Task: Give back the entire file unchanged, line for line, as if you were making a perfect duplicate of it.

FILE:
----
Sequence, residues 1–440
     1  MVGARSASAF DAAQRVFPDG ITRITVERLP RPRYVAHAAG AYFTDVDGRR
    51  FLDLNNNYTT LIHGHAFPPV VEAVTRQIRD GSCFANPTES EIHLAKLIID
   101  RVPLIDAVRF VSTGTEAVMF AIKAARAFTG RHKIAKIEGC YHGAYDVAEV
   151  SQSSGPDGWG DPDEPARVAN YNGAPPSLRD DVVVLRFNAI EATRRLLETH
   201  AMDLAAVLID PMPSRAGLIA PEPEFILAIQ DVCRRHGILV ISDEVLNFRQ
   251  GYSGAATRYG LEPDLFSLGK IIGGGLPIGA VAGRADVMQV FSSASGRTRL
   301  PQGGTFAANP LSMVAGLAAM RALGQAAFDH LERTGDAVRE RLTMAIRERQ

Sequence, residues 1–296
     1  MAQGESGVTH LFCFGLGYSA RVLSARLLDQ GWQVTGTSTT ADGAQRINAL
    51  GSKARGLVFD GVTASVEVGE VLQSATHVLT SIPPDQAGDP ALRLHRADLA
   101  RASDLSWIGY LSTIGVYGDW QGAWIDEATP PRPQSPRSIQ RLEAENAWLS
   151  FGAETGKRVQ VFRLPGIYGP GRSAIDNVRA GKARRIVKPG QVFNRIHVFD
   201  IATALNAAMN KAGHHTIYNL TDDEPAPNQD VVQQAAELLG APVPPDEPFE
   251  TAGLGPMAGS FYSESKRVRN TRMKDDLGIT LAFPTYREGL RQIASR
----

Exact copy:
Sequence, residues 1–440
     1  MVGARSASAF DAAQRVFPDG ITRITVERLP RPRYVAHAAG AYFTDVDGRR
    51  FLDLNNNYTT LIHGHAFPPV VEAVTRQIRD GSCFANPTES EIHLAKLIID
   101  RVPLIDAVRF VSTGTEAVMF AIKAARAFTG RHKIAKIEGC YHGAYDVAEV
   151  SQSSGPDGWG DPDEPARVAN YNGAPPSLRD DVVVLRFNAI EATRRLLETH
   201  AMDLAAVLID PMPSRAGLIA PEPEFILAIQ DVCRRHGILV ISDEVLNFRQ
   251  GYSGAATRYG LEPDLFSLGK IIGGGLPIGA VAGRADVMQV FSSASGRTRL
   301  PQGGTFAANP LSMVAGLAAM RALGQAAFDH LERTGDAVRE RLTMAIRERQ

Sequence, residues 1–296
     1  MAQGESGVTH LFCFGLGYSA RVLSARLLDQ GWQVTGTSTT ADGAQRINAL
    51  GSKARGLVFD GVTASVEVGE VLQSATHVLT SIPPDQAGDP ALRLHRADLA
   101  RASDLSWIGY LSTIGVYGDW QGAWIDEATP PRPQSPRSIQ RLEAENAWLS
   151  FGAETGKRVQ VFRLPGIYGP GRSAIDNVRA GKARRIVKPG QVFNRIHVFD
   201  IATALNAAMN KAGHHTIYNL TDDEPAPNQD VVQQAAELLG APVPPDEPFE
   251  TAGLGPMAGS FYSESKRVRN TRMKDDLGIT LAFPTYREGL RQIASR